Clinical Nurse Specialist

Skip Navigation LinksHome > May/June 2013 - Volume 27 - Issue 3 > Using a Multiuser Virtual Environment to Facilitate Nursing...
Clinical Nurse Specialist:
doi: 10.1097/NUR.0b013e31828c8408
Feature Article

Using a Multiuser Virtual Environment to Facilitate Nursing Journal Clubs: A Mixed-Methods Study

Billingsley, Luanne DNP, MBA, APRN, ACNS-BC; Rice, Karen DNS, APRN, ACNS-BC, ANP; Bennett, Marsha DNS, APRN, ACRN; Thibeau, Shelley MSN, RNC-NIC

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Purpose: The purpose of this mixed-methods pilot study was to explore the feasibility of using Second Life to conduct research and to describe nurses’ experiences in using Second Life to facilitate nursing journal clubs.

Methods: A QUAN→qual sequential design using survey and qualitative methods was used to guide scientific inquiry. Survey data were analyzed using descriptive statistics, and t, Mann-Whitney U, and χ2 tests were used to test for presurvey and postsurvey group differences. Journal club screencast recordings were thematically analyzed.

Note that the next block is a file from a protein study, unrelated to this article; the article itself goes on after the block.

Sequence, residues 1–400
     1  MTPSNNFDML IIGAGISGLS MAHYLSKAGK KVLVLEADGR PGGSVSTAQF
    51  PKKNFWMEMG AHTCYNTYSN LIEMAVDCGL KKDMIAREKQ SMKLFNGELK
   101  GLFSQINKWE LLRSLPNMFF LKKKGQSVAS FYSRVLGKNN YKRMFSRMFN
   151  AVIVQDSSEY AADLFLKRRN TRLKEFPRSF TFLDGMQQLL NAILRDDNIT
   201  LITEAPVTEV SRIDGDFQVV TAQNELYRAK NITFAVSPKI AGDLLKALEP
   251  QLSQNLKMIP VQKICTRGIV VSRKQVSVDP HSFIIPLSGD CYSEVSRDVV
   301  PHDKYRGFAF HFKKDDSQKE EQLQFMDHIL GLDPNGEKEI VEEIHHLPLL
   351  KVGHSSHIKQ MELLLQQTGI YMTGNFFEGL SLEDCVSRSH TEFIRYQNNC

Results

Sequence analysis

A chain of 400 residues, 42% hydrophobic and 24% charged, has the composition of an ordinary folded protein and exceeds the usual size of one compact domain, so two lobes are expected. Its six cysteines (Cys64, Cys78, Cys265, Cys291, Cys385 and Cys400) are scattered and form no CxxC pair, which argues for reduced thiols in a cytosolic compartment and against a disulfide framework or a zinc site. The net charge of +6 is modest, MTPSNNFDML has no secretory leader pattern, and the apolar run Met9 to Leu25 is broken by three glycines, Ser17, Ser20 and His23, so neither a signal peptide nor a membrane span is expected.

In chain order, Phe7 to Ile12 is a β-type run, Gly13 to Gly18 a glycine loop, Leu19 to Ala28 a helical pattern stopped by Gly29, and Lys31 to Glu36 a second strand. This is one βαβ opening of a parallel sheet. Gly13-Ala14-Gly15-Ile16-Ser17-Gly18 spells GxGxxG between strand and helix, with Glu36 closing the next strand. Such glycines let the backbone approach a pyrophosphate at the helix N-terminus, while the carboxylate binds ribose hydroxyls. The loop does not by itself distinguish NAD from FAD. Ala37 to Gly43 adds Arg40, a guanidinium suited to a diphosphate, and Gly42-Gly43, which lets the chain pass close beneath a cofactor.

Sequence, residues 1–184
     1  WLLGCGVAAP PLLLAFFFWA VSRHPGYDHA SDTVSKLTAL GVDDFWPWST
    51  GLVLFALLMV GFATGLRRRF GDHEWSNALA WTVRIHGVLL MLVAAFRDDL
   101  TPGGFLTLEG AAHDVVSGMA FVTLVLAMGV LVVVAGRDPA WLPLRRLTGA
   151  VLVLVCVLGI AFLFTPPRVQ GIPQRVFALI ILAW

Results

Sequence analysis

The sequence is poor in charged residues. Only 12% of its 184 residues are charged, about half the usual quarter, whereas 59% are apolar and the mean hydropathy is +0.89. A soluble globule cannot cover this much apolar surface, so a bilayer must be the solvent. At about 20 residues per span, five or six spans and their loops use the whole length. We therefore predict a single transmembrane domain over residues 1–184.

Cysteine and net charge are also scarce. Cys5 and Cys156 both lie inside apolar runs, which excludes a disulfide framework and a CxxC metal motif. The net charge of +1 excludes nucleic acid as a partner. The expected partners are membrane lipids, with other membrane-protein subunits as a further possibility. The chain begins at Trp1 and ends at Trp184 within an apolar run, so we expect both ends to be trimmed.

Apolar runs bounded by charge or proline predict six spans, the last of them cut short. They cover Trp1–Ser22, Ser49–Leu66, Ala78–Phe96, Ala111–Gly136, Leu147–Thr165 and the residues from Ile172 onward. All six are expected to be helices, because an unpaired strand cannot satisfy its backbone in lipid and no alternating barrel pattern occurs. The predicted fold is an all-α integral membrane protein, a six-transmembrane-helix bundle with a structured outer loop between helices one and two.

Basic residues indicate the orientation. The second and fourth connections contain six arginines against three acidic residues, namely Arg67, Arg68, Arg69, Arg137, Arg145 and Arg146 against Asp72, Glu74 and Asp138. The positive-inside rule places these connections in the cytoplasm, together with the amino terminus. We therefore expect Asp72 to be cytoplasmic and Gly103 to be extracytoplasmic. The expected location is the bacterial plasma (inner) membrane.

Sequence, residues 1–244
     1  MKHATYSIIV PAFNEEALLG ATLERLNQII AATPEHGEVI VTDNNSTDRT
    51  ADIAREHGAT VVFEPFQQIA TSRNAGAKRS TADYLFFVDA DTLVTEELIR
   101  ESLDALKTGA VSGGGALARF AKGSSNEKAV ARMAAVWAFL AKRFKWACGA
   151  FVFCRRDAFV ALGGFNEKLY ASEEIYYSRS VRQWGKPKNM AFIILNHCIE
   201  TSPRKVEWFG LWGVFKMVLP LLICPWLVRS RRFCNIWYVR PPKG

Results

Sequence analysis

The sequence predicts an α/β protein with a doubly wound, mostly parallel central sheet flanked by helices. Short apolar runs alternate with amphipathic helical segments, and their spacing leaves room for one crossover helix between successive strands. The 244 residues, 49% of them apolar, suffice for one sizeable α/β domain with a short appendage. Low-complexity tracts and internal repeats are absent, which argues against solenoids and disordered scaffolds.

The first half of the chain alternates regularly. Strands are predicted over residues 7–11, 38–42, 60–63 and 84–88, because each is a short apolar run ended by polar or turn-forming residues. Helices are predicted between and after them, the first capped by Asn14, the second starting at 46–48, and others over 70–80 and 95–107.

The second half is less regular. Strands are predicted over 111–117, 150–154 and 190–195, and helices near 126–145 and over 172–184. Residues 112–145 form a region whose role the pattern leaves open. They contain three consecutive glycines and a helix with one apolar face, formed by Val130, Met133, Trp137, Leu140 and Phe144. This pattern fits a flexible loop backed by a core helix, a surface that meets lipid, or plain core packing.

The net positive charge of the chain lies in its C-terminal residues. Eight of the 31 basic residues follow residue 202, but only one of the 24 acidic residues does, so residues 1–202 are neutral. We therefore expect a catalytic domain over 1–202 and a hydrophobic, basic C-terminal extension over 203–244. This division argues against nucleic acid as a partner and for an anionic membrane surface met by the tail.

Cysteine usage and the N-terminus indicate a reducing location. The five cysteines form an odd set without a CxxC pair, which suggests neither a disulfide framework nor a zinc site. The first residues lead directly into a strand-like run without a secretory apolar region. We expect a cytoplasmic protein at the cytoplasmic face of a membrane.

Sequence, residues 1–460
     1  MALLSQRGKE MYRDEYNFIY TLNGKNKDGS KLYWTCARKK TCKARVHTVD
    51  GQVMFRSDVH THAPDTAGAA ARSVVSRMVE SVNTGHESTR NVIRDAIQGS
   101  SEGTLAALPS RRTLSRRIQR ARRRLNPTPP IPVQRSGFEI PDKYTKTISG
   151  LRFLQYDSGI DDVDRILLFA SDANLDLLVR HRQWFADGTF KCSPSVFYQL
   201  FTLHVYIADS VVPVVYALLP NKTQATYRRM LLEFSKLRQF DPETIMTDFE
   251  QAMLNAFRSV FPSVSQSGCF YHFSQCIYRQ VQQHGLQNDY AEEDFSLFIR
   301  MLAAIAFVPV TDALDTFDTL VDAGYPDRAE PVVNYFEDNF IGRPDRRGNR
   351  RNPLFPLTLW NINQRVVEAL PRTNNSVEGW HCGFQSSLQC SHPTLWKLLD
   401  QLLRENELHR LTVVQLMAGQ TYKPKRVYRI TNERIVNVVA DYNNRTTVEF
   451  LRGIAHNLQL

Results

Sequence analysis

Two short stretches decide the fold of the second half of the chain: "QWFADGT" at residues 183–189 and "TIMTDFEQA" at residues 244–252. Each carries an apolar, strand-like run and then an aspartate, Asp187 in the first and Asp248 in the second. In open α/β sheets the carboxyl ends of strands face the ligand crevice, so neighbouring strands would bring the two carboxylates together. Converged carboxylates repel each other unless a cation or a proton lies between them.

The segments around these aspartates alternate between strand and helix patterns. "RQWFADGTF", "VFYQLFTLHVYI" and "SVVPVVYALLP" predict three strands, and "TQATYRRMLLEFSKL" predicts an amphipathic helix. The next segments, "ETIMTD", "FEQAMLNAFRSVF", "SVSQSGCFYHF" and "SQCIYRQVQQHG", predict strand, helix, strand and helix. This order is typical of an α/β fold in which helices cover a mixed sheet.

Setting: This study was conducted in an Internet-accessible, 3-dimensional multiuser virtual environment.

Sample: A convenience sample of registered nurses from 7 facilities consented to participate. Completed data from 29 presurveys and 20 postsurveys were included in data analyses.

Findings: Overall, nurses reported a benefit in using Second Life to facilitate journal clubs. The Mann-Whitney U test identified (P < .05) improvement in 7 of 8 critical appraisal competencies after journal club activities: determining design, determining population, interpreting statistics, linking findings/conclusions, identifying limitations, identifying implications, and interpreting qualitative findings. Qualitative analyses of screencastings validated reports of improved critical appraisal competencies and identified 3 inworld themes: presence, learning strategies, and learning outcomes.

Conclusions: Registered nurse study participants reported a benefit of using Second Life for nursing journal clubs. Participants perceived and demonstrated improvement in critical appraisal competencies.

Implications: Further research is warranted on outcomes associated with nurses’ appraisal of evidence for application to practice using a multiuser virtual environment.

© 2013 Wolters Kluwer Health | Lippincott Williams & Wilkins


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